If your bird is ill, your veterinarian may prescribe medication. Occasionally, medications can be provided in food or water. However, unless you can provide the medication inside something that can be swallowed in one gulp (for example, inside a small piece or fruit or vegetable), or your bird will accept hand feeding, controlling dosages and administration times in food or water is not very precise. Your bird may not consume enough of the medication because it does not like the taste or it simply is not hungry.
In many cases, your veterinarian will instruct you to provide medication using an eye dropper or needle-less syringe. It is important to follow your veterinarian's instructions as closely as possible regarding the amount of medication and how often it must be given. Your bird may not be very cooperative, but it is important to administer the medication with as little fuss as possible to avoid stressing the sick bird further. If you are uncertain how to give the medication, ask your veterinarian or veterinary technician to demonstrate the technique before you leave the office.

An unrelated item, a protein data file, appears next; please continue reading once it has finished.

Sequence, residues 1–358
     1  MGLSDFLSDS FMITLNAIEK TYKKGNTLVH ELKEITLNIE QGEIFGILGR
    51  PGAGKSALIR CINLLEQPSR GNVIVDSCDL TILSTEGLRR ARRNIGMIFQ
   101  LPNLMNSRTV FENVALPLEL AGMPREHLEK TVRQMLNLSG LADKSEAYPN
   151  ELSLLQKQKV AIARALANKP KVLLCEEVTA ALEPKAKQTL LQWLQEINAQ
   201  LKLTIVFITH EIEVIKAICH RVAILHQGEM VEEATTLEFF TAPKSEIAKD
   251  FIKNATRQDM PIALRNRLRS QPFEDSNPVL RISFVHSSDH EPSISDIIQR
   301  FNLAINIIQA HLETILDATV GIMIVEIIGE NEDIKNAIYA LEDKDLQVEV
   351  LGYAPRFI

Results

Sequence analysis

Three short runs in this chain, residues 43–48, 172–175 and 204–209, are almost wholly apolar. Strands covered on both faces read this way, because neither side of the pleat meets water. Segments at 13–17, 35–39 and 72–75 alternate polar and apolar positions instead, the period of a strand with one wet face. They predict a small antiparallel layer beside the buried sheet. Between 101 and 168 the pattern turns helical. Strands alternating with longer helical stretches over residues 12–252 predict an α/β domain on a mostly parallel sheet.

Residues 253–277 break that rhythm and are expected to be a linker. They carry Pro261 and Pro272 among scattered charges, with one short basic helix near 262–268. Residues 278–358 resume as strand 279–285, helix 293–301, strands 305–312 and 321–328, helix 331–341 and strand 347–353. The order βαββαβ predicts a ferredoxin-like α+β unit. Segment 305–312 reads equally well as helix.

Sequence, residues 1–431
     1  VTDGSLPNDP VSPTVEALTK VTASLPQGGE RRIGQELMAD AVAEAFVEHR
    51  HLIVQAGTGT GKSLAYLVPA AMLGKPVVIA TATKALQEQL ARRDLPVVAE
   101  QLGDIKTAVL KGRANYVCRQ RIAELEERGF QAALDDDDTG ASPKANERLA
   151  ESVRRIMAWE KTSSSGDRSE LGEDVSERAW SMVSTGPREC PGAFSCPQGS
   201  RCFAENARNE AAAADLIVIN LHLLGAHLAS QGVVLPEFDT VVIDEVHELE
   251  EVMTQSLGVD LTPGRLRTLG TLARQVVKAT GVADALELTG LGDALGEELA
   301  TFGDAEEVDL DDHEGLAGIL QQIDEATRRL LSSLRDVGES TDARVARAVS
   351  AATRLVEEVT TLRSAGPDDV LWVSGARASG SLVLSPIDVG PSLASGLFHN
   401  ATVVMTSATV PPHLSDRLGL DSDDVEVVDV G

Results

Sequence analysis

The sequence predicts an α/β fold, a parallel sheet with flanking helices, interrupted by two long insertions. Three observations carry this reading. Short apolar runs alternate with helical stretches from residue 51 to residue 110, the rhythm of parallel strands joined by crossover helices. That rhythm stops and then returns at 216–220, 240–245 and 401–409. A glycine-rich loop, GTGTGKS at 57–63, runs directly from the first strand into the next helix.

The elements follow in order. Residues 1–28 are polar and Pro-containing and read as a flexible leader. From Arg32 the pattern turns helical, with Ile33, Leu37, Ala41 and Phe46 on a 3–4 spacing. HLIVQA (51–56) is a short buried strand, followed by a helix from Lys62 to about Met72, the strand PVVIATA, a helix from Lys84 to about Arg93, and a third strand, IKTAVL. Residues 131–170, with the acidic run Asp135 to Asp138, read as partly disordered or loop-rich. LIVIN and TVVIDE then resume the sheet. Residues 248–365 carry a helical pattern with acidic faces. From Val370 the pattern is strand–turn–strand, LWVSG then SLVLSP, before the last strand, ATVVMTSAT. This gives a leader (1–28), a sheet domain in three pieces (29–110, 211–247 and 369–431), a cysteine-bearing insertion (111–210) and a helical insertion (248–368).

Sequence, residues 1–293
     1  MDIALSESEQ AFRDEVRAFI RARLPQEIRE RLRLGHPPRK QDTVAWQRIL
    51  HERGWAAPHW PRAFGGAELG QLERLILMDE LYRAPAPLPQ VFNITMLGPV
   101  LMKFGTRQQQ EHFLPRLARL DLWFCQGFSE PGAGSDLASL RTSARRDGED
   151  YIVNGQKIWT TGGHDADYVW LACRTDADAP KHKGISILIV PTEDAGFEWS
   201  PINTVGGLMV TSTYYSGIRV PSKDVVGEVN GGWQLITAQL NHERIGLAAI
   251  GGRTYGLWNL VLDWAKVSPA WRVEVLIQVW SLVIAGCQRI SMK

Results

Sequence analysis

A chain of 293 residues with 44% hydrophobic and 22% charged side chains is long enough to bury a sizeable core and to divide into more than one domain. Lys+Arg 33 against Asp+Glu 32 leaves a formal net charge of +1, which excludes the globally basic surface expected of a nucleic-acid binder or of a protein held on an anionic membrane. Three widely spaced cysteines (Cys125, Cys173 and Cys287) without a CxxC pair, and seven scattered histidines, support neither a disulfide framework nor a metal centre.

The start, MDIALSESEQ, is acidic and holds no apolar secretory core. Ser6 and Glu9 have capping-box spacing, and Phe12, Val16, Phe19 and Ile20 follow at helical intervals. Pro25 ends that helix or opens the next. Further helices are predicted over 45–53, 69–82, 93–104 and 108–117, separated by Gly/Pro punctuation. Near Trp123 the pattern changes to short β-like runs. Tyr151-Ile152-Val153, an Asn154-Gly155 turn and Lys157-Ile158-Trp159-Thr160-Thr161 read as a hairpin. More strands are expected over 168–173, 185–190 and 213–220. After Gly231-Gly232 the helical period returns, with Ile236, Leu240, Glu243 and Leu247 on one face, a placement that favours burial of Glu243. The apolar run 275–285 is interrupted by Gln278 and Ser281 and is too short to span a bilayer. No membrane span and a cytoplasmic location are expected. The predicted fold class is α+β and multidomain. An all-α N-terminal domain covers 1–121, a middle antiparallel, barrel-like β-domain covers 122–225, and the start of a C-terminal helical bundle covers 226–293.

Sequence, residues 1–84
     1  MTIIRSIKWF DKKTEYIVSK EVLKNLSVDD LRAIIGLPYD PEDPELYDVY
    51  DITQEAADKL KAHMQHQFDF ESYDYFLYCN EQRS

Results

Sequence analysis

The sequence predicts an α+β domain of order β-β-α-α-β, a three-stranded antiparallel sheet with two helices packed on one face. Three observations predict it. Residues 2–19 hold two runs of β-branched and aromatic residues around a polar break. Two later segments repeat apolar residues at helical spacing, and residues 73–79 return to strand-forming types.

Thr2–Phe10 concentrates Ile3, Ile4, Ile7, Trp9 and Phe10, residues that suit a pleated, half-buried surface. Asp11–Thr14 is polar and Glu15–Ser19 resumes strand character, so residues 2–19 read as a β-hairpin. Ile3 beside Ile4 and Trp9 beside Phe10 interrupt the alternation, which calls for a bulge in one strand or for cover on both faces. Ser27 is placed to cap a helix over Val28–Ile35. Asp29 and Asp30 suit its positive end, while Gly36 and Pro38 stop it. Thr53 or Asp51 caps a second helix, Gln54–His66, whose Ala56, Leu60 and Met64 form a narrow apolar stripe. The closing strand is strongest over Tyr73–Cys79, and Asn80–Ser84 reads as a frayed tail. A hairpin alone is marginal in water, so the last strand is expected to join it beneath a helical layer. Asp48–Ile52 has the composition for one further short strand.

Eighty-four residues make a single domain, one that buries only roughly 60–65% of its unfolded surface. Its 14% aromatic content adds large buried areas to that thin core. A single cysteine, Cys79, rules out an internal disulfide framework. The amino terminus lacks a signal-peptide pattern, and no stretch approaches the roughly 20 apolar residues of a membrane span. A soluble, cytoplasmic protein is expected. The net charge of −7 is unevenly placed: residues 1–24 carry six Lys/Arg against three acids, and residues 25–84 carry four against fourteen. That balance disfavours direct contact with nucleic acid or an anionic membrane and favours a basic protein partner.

Be sure that you understand all of the instructions given by your veterinarian, including the correct dosage, the number of times you need to give the medication each day, and how long the treatment should continue. You should also find out if there are any special storage requirements (such as keeping the medicine in the refrigerator) or preparations needed.
A very few birds will take some medications without restraint. In these rare cases, you can simply provide the medication while the bird is sitting on a perch or grabbing the bars of its cage. However, most birds will require holding and restraint (see Routine Care and Breeding of Birds: Administering Medication to Your Pet Bird).
Last full review/revision July 2011 by Teresa L. Lightfoot, DVM, DABVP (Avian)